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The X-Files

Stranger Things, Lost and the Sudden Left Turn

The latest season of Stranger Things, Netflix’s nostalgic 1980’s-set adventure, took an interesting left turn toward the end of its run. The second season had built on the first, continuing the story of a group of teenagers in Hawkins, Indiana, 1984, after they uncovered a conspiracy of government scientists awakening psionic powers within innocent children, with the express means of opening a doorway into the ‘Upside Down’, a dark, demonic reflection of our world. Arguably the breakout star was Millie Bobby Brown as Eleven, an androgynous young girl raised by an amoral scientist she named ‘Papa’, before escaping and being taken in by teenager Mike and his party of 80’s geeks.

The Goonies meets The X-Files, right? That and about a dozen other touchstones, from Spielberg’s E.T. through to Stephen King’s Carrie. Eleven proved to be the character who leapt into the popular consciousness with a measure of innocent vulnerability and youthful verve, and it makes sense for creators The Duffer Brothers to give Eleven her own character journey across the second run, in far more of a pointed way than the rest of the ensemble. It’s through Eleven that we find an interesting narrative choice played out by the creators in the second to last episode.

Stranger Things season two operates in a logical manner, developing character arcs for the group – Dustin adopting a monstrous pet, Lucas’ teenage adoration for tomboy and new team member Max, Steve breaking out as the star of the second season, moving from popular jackass to true, underdog hero. So by the time we reach the end of the sixth episode, ‘The Spy’, the scene has very much been set for an epic climax to the story; Will is possessed by the ‘Mind Flayer’ shadow monster, Eleven discovers the truth about her mother and family past, and Hopper sees the government lab in Hawkins being to be invaded by legions of ‘Demi-gorgons’, the monster lap dogs of the Mind Flayer essentially. The first season had eight episodes yet season two has nine, simply for the fact the two-part climactic beat is forestalled in order to squeeze in an episode not originally part of the season tapestry – episode seven, ‘The Lost Sister’.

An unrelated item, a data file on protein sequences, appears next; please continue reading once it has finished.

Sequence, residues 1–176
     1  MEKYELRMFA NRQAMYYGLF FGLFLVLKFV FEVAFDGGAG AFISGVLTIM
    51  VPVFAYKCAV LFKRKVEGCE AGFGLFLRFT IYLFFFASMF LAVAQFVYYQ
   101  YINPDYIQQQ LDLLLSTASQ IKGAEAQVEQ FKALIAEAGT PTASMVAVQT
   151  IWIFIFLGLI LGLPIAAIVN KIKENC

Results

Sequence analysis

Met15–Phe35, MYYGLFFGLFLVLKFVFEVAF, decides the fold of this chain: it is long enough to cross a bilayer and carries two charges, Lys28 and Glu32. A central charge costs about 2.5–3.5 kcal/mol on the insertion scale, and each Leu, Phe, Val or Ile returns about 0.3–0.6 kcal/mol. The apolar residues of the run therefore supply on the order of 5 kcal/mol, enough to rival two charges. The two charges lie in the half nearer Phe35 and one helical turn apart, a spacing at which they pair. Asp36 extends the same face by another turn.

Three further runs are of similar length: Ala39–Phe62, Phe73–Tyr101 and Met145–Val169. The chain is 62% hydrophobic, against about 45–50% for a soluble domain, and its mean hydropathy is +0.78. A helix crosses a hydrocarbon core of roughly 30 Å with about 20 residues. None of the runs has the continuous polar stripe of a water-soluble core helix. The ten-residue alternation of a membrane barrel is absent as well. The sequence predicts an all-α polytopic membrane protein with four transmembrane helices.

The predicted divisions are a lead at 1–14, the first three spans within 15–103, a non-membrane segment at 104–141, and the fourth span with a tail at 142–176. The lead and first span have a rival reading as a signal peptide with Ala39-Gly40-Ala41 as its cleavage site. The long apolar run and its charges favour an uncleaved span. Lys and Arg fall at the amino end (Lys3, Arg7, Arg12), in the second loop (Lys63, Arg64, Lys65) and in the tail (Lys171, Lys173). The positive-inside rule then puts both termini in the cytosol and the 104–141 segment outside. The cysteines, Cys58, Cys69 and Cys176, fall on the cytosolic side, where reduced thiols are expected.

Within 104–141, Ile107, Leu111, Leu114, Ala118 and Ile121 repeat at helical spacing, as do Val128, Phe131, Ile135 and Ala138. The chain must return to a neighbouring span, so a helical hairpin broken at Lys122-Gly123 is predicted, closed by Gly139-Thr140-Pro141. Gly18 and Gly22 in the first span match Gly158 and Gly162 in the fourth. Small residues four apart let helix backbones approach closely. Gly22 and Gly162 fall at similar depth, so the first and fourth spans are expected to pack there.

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Cinematic Universes: the divisive wave of cinema’s future

With the advent of Justice League, many fans and commentators are once again discussing the concept of the ‘Cinematic Universe’, given the formative attempts by DC Comics over the last several years to emulate the rampant success of the Marvel Cinematic Universe, the first truly successful and revolutionary cinematic model of an overarching mythological world of characters and narratives informing one another. Inevitably with the internet, it’s leading to a war of trolls – Marvelita haters and DC sceptics waging a pointless conflict over territorial ownership and trying the answer the utterly subjective question – ‘which is better?’. For every critic who tells you the MCU is technically stronger as a tapestry, you’ll easily find more than enough ‘DCEU’ defenders to race in with their Amazonian swords and claim everything Marvel has done is powerfully overrated. There can be no victor in such a battle.

In truth, discussion of the Cinematic Universe has never gone away. Hollywood and the blockbuster movie system has been utterly consumed and dominated by the power of a connected storytelling model, following the template Marvel Studios laid down. It has arguably changed the very fabric of the cinematic franchise. Following the essential advent of the ‘blockbuster’ in the mid-1970’s with Jaws and of course Star Wars, it took Hollywood a while to truly embrace the idea of creating what we accept as a ‘franchise’. Sequels had always existed – we can go back as far as 1916 indeed for the first recognised follow up, Thomas Dixon Jr’s The Fall of a Nation, which carried on the story from DW Griffith’s historically polarising The Birth of a Nation – but it was truly the 1980’s that gave birth to the notion of a franchise, once Star Wars developed sequels to George Lucas’ game-changing original movie and developed an entire cinematic eco-system around the property.